Friday, May 27, 2005
On this day:

Majority Rule Unless We Disagree

Atleast that's how things go at the New York Times. Opinion Journal notes the Times's Janus-like approach to recent controversies: The President's Stem Cell Theology
Mr. Bush threatened this week to veto a modest research-expansion bill that was approved by the House and is likely to be passed by the Senate. The reason, he said, is that the measure would "take us across a critical ethical line" by encouraging the destruction of embryos from which the stem cells are extracted. Never mind that this particular ethical line looms large only for a narrow segment of the population. It is not deemed all that critical by most Americans or by most religious perspectives. Rather, the president's intransigence provided powerful proof of the dangers of letting one group's religious views dictate national policy.
Disarmament in the Senate
The pact they forged will preserve the minority's right to filibuster--block a bill or nomination unless a supermajority of 60 senators votes to proceed. . . . There is absolutely nothing unfair about allowing a minority that actually represents more American people to veto lifetime appointments of judges who are far outside the mainstream of American thinking.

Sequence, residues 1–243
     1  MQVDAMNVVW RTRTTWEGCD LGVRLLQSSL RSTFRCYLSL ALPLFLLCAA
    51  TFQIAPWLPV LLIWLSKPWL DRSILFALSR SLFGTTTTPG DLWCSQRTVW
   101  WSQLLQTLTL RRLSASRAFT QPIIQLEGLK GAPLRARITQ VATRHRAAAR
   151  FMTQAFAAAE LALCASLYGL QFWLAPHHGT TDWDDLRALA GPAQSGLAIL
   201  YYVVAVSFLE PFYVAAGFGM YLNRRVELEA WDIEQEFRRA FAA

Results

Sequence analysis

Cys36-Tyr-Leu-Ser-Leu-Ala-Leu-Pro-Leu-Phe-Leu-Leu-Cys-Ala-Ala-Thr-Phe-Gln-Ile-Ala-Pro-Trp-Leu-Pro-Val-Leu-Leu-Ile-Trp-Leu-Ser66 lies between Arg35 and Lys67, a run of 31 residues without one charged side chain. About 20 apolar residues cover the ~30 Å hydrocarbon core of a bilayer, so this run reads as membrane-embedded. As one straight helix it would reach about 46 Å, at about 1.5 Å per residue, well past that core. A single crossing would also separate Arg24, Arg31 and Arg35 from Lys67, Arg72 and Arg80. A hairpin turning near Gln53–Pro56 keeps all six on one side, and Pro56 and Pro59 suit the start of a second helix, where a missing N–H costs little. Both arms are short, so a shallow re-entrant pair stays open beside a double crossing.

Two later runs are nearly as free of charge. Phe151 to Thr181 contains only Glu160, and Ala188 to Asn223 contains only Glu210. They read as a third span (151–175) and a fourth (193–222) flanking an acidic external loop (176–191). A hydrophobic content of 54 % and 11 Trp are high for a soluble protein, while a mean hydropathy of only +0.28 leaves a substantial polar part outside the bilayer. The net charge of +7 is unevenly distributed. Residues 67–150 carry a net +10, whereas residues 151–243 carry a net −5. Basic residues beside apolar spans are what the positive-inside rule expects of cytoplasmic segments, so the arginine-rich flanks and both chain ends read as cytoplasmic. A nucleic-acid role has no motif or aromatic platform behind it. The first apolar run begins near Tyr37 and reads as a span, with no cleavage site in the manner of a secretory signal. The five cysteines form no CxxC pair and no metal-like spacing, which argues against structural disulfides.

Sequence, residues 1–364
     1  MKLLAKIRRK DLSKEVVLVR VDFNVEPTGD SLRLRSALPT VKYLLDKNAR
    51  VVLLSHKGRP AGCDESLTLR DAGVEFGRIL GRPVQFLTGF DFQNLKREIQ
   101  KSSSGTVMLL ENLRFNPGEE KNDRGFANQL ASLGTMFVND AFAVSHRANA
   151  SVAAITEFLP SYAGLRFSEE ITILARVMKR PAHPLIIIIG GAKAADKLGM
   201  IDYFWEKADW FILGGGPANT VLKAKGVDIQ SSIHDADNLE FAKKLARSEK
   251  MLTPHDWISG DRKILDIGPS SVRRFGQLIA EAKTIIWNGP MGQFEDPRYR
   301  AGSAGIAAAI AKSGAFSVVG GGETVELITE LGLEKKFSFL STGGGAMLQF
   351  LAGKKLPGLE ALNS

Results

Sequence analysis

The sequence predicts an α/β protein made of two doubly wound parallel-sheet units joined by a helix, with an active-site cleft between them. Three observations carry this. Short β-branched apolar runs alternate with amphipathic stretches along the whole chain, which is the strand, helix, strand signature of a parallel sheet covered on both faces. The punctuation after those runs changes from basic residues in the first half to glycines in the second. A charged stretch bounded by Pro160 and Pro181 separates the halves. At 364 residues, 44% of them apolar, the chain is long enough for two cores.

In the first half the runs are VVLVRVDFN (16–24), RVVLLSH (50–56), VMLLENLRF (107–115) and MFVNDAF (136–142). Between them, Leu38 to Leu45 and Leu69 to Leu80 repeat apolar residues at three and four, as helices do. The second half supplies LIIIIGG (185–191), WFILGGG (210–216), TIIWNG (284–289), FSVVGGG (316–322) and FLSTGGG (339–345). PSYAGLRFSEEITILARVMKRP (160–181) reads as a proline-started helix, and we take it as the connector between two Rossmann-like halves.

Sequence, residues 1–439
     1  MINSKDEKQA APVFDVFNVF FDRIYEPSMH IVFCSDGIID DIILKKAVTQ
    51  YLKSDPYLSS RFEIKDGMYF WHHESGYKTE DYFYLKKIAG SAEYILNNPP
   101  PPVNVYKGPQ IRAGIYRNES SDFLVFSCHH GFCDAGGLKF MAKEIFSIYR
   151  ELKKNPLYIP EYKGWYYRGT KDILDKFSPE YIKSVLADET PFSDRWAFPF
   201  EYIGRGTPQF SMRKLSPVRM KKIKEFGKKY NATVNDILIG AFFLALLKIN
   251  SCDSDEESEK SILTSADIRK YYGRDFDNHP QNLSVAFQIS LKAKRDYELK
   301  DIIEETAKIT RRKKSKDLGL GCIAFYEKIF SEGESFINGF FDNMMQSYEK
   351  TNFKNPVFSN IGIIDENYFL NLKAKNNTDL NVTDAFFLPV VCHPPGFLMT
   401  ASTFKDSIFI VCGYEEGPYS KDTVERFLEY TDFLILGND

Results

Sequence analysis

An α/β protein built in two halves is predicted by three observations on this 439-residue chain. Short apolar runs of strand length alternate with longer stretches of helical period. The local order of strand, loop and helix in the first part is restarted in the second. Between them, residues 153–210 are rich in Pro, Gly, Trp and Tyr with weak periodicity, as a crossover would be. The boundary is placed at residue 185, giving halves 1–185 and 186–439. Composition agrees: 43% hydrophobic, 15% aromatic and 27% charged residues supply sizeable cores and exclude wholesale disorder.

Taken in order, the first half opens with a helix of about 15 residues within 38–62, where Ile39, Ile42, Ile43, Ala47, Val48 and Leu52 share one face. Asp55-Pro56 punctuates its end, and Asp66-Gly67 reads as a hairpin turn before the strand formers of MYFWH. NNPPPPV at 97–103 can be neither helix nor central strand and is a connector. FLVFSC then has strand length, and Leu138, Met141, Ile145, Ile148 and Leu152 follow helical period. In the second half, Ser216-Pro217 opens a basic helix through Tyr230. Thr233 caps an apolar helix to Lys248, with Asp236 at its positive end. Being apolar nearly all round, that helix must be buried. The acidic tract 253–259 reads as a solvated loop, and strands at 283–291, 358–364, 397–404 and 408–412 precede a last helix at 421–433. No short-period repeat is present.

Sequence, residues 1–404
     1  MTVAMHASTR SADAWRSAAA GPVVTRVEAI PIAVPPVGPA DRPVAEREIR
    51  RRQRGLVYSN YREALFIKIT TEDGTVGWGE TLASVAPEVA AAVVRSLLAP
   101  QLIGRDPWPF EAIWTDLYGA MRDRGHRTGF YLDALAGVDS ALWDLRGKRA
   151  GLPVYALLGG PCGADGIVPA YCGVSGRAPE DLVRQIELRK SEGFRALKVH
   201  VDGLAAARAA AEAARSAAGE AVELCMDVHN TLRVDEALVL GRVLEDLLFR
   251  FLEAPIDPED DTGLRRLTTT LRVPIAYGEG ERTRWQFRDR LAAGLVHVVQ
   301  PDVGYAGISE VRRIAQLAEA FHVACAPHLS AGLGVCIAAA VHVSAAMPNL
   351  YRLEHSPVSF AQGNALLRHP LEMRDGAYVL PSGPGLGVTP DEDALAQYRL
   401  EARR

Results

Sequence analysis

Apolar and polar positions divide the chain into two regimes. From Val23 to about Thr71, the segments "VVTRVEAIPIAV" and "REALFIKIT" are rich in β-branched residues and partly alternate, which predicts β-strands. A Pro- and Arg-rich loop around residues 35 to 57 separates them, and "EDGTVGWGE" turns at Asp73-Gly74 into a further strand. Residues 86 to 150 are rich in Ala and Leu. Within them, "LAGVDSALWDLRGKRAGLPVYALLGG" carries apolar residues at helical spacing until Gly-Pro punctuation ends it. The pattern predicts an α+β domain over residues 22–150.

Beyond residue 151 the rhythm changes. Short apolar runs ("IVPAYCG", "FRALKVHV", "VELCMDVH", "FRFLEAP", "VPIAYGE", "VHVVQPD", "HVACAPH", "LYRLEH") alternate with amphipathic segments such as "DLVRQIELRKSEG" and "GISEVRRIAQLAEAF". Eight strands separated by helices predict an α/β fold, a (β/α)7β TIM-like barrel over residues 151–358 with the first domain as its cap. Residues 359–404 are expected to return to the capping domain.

Majority interests are apparently justified for use of embryonic stem cells (nevermind a May 24th poll that found 48% opposed federal funding of embryonic stem cell research or the practice altogether ), but the minority is suddenly all powerful when blocking Bush's judicial nominees? *** by Gary Varvel